Atom interferometry team

The atom interferometer team is interested in interferometry with Matter-wave. In particular, we have been developing atom interferometers with separated arms. These interferometers allow to set up controled perturbations on a single path.

 

The high sensitivity of quantum interference patterns to these external perturbations can be exploited to measure weak external forces or internal atomic properties with high sensitivity. In particular, our experiments are designed to test the electromagnetic interactions, such as Atom polarisability, Atom-atom interactions, Atom-surface interaction, Atom neutrality. These measurements might have applications in fundamental physics and atom metrology. We also study curiosity of quantum mechanics : Topological phase shift, decoherence and dephasing.

Our previous studies on atom interferometry based on a lithium beam can be found here.

Current members:

Boris Decamps, Julien Alibert, JeanPhilippe Loisel, Alexandre Gauguet, Gille Dolfo, Jacques Vigué.


Current research directions

Atom interferometry based on Bose-Einstein Condensate

The new apparatus is based on an atomic fountain interferometer. A sample of ultra-cold atoms (BEC) is prepared on an atom chip. The atoms are launched vertically with an initial velocity (≈ 2 m/s) using an optical lattice which transfers momenta of optical photons to the atoms. A sequence of three laser pulses (π/2-π-π/2) acts as beamsplitters and mirrors for the atoms, splitting the atom wave-function into a coherent superposition between two trajectories, and then recombining them in order to interfere. In our setup, we plan to use high order Bragg diffraction (n=20) to have a large separation between the two paths of the interferometer. At the output of the interferometers the atom population oscillates according to the accumulated phase shift. The atom population is measured with the induced fluorescence emitted by the atoms in both outputs of the interferometer.

Testing atom neutrality

One of the prospects in fundamental physics is to measure the electrical neutrality of matter. All experimental evidence to date indicates that atoms are electrically neutral (the electron and proton charge magnitudes are equal and that of neutron charge is zero) within a small error: 10-21 the elementary charge. The origin of the extremely fine tuning might be considered as a hint for new physics beyond the standard model. Indeed, the atom neutrality is strongly connected to the electric charge quantization. This remarkable property is a natural consequence in superstring models or grand unified groups, but also conventional extensions to the standard model could lead to charge quantization. On the contrary, some new theoritical models proposed dequantization of the electric charge either in the framework of extension to the SM or using assumptions beyond the SM.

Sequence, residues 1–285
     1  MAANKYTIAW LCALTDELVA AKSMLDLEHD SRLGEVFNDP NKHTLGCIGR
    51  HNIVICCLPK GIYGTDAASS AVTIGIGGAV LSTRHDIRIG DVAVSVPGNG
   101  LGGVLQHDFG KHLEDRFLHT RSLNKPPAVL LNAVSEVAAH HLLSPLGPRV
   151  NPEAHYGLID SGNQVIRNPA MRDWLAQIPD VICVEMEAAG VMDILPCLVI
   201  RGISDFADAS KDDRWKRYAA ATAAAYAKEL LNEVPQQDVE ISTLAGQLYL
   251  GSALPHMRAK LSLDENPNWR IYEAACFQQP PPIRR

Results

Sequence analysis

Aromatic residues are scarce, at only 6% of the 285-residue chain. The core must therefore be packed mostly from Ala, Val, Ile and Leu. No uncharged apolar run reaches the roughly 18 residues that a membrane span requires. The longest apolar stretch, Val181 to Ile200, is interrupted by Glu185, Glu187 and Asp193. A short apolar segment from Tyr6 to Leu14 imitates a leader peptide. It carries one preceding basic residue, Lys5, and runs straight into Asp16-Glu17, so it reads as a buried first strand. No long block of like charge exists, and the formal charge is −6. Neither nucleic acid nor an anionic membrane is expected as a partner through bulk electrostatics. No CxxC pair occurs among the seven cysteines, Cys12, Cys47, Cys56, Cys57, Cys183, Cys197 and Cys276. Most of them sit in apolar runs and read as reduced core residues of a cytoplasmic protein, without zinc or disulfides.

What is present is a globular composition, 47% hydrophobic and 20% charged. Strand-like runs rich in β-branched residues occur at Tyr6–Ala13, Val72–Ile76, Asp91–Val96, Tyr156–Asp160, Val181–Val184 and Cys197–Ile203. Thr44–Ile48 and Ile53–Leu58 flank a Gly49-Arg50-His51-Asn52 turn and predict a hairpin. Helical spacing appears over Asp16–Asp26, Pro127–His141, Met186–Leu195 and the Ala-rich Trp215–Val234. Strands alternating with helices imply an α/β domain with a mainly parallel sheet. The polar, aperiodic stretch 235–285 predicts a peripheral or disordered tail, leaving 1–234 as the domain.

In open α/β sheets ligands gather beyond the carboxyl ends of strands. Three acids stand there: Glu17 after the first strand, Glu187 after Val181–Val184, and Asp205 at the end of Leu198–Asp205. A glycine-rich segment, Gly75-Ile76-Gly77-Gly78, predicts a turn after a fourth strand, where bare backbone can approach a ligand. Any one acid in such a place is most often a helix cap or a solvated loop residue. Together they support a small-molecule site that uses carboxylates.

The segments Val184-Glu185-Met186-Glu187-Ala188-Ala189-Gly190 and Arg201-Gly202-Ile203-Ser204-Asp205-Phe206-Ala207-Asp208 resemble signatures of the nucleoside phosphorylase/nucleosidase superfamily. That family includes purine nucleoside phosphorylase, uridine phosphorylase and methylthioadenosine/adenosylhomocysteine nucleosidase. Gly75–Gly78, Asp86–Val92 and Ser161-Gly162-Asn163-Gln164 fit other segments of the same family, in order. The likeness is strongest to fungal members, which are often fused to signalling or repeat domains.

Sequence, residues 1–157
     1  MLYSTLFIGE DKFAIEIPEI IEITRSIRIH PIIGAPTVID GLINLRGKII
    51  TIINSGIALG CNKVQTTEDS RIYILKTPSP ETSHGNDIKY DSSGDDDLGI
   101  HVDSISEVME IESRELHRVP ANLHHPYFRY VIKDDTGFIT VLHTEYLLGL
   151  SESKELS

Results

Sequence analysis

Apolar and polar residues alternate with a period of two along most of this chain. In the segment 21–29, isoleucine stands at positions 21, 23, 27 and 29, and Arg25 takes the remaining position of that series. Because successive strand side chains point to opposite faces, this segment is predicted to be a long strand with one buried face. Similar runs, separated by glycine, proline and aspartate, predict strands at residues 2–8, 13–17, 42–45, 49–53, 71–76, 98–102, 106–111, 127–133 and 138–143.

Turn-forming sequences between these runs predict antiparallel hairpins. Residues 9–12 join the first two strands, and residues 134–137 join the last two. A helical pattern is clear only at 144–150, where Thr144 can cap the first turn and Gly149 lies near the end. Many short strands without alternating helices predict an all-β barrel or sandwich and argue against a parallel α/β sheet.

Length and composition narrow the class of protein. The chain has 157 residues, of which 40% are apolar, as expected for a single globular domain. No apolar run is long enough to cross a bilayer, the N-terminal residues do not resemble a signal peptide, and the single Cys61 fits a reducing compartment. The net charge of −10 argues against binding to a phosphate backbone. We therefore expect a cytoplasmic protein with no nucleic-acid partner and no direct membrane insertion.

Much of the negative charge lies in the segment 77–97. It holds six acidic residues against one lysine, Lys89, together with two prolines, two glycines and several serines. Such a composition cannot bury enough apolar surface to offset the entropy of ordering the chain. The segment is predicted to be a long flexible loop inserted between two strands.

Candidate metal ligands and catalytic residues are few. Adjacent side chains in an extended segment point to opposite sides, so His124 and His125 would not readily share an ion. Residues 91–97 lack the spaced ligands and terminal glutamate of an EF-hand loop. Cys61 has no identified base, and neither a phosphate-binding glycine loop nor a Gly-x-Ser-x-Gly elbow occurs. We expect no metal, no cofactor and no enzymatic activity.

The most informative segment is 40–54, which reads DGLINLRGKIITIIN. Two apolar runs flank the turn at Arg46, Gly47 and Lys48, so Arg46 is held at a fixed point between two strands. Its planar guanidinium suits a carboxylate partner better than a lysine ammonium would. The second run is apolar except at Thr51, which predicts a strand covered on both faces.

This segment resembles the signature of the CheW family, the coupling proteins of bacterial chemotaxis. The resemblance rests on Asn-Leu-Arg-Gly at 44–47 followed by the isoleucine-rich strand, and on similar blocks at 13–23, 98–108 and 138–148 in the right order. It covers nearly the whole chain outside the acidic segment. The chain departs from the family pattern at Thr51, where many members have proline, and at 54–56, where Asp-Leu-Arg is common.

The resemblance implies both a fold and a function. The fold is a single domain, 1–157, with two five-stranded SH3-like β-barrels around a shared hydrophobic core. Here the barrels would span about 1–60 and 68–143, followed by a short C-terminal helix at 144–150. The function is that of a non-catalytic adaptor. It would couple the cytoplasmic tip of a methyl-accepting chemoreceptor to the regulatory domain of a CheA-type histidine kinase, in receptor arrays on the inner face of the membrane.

The measurement of the atom neutrality with an atom interferometer is based on the scalar Aharonov-Bohm effect. This effect consists in applying opposite electric potentials ±V on the two interferometer arms. These electric potentials are turned on only when the atom is inside the electrode assembly where the electric potential is constant and the electric field is cancelled, so that the atom does not feel any force. However, if the atom carries a non-zero electric charge, its electrostatic energy is modified and this modification gives rise to a phase shift proportional to the electric charge, to the applied voltage V and to the duration τ of the voltage pulse. To perform such an experiment it will be necessary to separate the atoms by several cm, in order to have clear separated interaction zones and long duration of the voltage pulse. The smallest measurable charge with our interferometer, depends on the sensitivity of the interferometer. This new method can potentially surpass by orders of magnitude below the current bounds.

BEC source on a chip

We are developping BEC source on a chip. The source combines on a chip, the magnetic trapping with microscopic wires and an optical dipole trap. It will also be possible to condense two isotopes of rubidium. This experiment will test new solutions in atom optics engineering which might have an impact in technological applications for transportable or on-board applications like inertial sensors and geodesy.

 

With the hybrid solution, the atoms can be loaded efficiently in a pure optical trap by turning off carefully the magnetic field. Because of the specific collisional properties of the 85Rb, a pure optical trap is essential to obtain a Bose Einstein condensate with this isotope. The strategy to get the dual-species BEC consists in finishing the cooling of the two rubidium isotopes in the same optical trap. The optical trap is also essential to avoid magnetic fields which could be harmful for precision measurements.


Latest graph:

85Rb and 87Rb Mirror-MOT observed in the new vacuum Chamber !

 March 2016.

 

We load 5 billions cold atoms of rubidium 85 and 87 in a magneto-optical trap near the surface of an atom chip.

Atom interferomtry team and visitors

June 2016.

 

Sina, Kessi, Maxime, Boris, Alex, Julien, Elise, Julien, Jean-Philippe, Gilles, Jacques.